Screening for congenital hypothyroidism: results of screening one million North American infants

J Pediatr. 1979 May;94(5):700-5. doi: 10.1016/s0022-3476(79)80133-x.


Pilot programs for screening of newborn infants for congenital hypothyroidism began in North America in 1972. To date, the five oldest programs (Quebec, Pittsburgh, Toronto, Oregon Regional, and New England Regional) have screened 1,046,362 infants. A total of 277 infants with congenital hypothyroidism have been detected and seven have been missed, resulting in a total of 284 affected infants in the screened population and an overall incidence of one in 3,684 live births. Of the affected infants, 246 were determined to have primary hypothyroidism, an incidence of one in 4,254 births. Ten infants with secondary-tertiary hypothyroidism were detected in Quebec, Oregon, and Toronto, an incidence of one in 68,200 births. Of all the infants with primary hypothyroidism who were adequately studied, 63% were determined to have aplastic or hypoplastic glands, 14% normal or enlarged glands, and 23% ectopic thyroid tissue. The estimated minimum incidence of infants with TBG deficiency is one in 8,913 births. Only 8 of the 277 detected infants were suspected clinically to have congenital hypothyroidism prior to the time of confirmation of the diagnosis at 4 to 8 weeks of age. The cost of screening varied from $0.70 to $1.60 per infant, depending on which costs were included in the estimate. Preliminary evidence from Quebec suggests that infants treated in the program have normal developmental testing scores at 18 months of age.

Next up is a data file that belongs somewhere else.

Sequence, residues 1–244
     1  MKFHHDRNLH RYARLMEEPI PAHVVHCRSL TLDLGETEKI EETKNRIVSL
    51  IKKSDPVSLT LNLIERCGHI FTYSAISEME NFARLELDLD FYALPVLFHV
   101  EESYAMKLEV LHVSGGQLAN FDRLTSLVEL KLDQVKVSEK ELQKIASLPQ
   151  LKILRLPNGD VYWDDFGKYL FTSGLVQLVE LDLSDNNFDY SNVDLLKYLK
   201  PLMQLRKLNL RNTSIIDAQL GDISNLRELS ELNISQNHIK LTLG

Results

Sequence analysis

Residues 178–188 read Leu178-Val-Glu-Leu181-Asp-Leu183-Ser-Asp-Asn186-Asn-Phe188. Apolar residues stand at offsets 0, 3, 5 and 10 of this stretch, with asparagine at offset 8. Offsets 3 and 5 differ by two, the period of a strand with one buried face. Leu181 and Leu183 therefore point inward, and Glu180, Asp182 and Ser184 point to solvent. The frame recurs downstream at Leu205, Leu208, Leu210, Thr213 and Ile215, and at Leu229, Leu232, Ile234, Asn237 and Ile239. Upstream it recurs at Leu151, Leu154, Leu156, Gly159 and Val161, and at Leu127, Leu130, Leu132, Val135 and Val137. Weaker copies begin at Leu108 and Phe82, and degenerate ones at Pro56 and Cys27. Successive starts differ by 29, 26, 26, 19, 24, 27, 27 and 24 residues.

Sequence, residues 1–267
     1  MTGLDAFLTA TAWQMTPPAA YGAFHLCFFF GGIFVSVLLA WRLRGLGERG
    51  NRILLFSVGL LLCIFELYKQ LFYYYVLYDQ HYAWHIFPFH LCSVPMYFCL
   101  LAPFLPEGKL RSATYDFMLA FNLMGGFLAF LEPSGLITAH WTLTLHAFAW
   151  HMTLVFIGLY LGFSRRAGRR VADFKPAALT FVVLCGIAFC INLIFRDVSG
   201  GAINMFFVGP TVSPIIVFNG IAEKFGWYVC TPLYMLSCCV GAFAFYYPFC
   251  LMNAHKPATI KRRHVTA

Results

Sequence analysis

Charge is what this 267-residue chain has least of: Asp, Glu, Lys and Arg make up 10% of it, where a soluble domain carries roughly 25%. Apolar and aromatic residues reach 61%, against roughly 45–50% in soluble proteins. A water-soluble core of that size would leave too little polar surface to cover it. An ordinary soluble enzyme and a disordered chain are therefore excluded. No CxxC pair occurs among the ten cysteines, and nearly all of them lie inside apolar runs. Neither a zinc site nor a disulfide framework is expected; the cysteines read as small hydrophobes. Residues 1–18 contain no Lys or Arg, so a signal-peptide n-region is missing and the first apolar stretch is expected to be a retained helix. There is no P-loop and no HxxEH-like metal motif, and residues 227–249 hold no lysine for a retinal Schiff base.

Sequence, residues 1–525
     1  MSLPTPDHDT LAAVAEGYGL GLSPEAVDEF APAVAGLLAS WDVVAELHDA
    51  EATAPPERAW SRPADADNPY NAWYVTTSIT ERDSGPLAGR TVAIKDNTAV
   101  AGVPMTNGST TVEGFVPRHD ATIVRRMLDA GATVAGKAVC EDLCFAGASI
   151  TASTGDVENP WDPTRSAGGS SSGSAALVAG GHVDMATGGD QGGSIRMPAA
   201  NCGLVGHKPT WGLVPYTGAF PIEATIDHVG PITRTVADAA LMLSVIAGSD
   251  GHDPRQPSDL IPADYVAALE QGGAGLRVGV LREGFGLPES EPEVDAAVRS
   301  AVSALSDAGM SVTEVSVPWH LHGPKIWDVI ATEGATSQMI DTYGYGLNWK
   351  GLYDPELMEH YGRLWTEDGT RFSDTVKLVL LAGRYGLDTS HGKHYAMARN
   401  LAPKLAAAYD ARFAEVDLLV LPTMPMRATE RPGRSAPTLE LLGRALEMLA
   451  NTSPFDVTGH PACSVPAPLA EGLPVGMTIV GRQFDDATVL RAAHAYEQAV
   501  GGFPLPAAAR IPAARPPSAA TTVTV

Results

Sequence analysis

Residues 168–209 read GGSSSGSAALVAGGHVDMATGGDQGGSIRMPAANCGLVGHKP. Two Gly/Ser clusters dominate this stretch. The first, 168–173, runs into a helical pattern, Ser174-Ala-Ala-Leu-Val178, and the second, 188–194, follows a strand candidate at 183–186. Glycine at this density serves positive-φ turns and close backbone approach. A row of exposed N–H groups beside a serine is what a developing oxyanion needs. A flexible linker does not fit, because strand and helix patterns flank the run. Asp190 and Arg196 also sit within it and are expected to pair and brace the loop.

MeSH terms

  • Alpha-Globulins / deficiency
  • Congenital Hypothyroidism*
  • Humans
  • Hypothyroidism / diagnosis
  • Hypothyroidism / epidemiology
  • Infant
  • Infant, Newborn
  • Mass Screening* / economics
  • North America
  • Thyroxine-Binding Proteins / deficiency
  • Voluntary Health Agencies


  • Alpha-Globulins
  • Thyroxine-Binding Proteins